(Duke University Press, 2017)
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In The End of Japanese Cinema Alexander Zahlten moves film theory beyond the confines of film itself, attending to the emergence of new kinds of aesthetics, politics, temporalities, and understandings of film and media. He traces the evolution of a new media ecology through deep historical analyses of the Japanese film industry from the 1960s to the 2000s. Zahlten focuses on three popular industrial genres: pink film (independently distributed softcore pornographic films), Kadokawa (big-budget productions as part of a transmedia strategy), and V-Cinema (direct-to-video films). He examines the conditions of these films’ production to demonstrate how the media industry itself becomes part of the politics of the media text and to highlight the complex negotiation between media and politics, culture, and identity in Japan. Zahlten points to a different history of film, one in which a once-powerful film industry transformed into becoming only one component within a complex media-mix ecology. In so doing, Zahlten opens new paths for uncovering similar broad processes in other large media societies.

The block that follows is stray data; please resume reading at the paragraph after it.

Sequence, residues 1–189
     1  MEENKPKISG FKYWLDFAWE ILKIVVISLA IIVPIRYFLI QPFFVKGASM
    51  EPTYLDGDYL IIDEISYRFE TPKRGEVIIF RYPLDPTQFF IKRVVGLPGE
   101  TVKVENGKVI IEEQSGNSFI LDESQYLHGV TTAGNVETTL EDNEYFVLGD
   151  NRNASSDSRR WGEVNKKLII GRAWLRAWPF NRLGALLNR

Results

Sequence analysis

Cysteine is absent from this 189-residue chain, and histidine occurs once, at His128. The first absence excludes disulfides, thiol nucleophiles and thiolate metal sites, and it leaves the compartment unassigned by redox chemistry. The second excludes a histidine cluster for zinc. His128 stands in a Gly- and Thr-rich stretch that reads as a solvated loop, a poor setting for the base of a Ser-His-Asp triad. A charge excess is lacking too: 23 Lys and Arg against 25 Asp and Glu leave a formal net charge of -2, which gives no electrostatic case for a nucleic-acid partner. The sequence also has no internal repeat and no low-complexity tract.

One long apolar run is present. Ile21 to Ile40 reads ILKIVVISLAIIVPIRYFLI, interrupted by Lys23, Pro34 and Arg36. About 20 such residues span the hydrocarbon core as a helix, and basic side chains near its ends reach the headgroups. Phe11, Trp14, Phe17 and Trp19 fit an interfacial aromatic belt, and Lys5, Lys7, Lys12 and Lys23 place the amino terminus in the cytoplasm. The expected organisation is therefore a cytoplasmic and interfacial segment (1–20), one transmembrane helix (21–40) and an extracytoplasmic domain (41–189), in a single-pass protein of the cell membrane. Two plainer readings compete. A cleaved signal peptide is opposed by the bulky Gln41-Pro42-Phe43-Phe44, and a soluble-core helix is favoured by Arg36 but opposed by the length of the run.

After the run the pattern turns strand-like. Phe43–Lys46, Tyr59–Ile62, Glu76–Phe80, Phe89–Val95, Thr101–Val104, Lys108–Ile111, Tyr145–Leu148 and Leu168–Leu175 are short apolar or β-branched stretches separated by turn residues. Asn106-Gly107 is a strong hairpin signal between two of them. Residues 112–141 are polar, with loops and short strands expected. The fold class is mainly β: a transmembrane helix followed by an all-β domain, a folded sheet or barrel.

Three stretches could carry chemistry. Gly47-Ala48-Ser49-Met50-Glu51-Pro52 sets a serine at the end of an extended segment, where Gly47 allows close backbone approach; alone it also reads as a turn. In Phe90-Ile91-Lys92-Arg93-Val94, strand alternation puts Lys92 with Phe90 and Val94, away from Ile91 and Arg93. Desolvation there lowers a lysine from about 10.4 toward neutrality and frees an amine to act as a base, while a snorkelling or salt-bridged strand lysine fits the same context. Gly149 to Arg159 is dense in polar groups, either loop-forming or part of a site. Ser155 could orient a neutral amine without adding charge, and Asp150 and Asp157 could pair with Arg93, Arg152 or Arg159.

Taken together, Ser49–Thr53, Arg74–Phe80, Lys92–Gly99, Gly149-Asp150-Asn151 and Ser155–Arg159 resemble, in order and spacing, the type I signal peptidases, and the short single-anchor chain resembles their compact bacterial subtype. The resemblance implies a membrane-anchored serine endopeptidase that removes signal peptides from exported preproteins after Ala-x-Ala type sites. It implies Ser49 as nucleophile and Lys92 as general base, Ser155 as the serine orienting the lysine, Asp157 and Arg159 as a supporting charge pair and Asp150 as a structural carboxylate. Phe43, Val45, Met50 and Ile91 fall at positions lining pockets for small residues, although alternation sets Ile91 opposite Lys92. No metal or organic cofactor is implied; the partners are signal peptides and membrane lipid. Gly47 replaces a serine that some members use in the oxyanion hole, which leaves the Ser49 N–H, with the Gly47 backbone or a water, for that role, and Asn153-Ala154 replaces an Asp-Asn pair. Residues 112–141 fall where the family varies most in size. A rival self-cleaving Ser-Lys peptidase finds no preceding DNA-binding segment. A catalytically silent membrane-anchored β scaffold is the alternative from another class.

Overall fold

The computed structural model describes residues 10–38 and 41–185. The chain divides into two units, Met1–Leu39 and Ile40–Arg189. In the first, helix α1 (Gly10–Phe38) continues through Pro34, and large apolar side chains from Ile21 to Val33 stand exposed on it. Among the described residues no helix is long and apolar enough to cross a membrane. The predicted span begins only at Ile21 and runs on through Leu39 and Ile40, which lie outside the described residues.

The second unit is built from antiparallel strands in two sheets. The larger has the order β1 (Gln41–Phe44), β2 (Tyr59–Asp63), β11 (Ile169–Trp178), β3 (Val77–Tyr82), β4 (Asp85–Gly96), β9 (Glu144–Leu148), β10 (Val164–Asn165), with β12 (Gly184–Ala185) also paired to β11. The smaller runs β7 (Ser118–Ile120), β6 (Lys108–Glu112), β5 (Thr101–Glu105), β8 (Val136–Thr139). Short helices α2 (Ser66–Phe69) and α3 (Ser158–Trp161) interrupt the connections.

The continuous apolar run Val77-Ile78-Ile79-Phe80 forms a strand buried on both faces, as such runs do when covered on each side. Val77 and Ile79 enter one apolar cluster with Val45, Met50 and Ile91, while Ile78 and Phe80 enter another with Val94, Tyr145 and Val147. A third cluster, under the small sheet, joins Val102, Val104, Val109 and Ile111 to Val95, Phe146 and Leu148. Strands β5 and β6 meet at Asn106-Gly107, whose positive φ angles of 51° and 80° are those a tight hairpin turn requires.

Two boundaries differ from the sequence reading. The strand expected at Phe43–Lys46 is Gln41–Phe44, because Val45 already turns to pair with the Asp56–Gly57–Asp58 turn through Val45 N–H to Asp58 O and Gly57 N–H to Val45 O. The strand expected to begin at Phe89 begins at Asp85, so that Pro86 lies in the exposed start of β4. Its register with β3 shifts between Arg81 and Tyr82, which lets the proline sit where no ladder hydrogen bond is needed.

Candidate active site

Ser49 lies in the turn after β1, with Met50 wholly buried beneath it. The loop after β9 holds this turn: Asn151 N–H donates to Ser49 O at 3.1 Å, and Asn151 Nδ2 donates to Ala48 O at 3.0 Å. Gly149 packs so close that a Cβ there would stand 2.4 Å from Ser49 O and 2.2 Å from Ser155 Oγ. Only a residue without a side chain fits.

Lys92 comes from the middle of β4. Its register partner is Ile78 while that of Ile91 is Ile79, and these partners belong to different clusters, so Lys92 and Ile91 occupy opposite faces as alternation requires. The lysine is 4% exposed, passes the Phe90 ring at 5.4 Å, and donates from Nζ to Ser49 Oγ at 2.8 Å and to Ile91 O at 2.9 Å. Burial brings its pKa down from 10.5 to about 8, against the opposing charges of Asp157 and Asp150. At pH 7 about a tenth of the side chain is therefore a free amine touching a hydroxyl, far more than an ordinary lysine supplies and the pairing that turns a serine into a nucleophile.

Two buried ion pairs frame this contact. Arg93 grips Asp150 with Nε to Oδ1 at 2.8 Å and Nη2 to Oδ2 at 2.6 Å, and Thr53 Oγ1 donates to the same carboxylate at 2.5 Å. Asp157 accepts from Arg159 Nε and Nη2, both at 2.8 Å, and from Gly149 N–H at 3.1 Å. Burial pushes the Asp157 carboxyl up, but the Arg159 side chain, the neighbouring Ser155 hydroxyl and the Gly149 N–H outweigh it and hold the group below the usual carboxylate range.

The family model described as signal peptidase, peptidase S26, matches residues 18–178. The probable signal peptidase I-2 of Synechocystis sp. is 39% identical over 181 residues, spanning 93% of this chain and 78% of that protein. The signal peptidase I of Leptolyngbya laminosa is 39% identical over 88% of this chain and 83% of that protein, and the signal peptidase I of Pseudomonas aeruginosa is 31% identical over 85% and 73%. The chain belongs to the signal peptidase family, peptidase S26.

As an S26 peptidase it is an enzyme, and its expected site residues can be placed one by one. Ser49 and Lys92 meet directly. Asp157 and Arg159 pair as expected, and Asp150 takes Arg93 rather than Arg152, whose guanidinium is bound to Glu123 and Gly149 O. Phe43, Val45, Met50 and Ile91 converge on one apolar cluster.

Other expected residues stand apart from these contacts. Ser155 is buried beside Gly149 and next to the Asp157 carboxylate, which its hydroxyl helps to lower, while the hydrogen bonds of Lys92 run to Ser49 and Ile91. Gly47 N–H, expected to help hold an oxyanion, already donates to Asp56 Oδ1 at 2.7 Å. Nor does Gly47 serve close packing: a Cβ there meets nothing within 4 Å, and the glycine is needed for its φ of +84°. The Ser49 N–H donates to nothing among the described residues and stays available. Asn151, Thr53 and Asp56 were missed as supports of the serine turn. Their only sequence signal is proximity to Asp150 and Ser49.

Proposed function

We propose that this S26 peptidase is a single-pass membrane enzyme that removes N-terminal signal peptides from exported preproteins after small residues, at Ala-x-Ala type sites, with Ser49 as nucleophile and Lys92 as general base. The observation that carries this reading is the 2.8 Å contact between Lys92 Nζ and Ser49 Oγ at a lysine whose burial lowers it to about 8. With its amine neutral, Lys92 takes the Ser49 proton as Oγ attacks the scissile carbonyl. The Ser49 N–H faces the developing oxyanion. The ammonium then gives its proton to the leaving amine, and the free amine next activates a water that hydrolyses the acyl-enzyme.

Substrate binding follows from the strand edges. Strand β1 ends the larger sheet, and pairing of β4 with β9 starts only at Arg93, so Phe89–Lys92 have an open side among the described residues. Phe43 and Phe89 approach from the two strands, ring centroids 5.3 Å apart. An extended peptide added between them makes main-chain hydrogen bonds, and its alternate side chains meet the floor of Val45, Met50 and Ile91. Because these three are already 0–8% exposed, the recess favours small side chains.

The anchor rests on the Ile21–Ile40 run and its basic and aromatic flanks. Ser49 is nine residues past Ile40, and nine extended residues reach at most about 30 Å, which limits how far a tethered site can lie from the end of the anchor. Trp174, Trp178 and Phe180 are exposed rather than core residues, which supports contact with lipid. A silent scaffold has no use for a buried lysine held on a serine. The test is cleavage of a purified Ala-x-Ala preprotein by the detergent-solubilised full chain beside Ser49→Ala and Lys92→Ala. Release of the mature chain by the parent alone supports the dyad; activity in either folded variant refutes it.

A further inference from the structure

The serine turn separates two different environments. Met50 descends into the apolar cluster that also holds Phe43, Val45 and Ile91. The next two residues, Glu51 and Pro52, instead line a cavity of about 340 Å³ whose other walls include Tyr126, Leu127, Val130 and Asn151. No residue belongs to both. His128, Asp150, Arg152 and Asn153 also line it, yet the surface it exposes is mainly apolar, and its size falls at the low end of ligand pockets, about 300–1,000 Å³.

Alexander Zahlten is Associate Professor of East Asian Languages and Civilizations at Harvard University.
“Alexander Zahlten emphasizes a constellation of cinematic attributes that have rarely been considered so seriously in Japanese film and media studies: industry and industrial structures, distribution infrastructures, and viewing spaces. Demonstrating a special command of industry history, Zahlten facilitates fruitful dialogue between text and context that will change how people talk about Japanese cinema. A great read.”
— Miryam Sas, University of California, Berkeley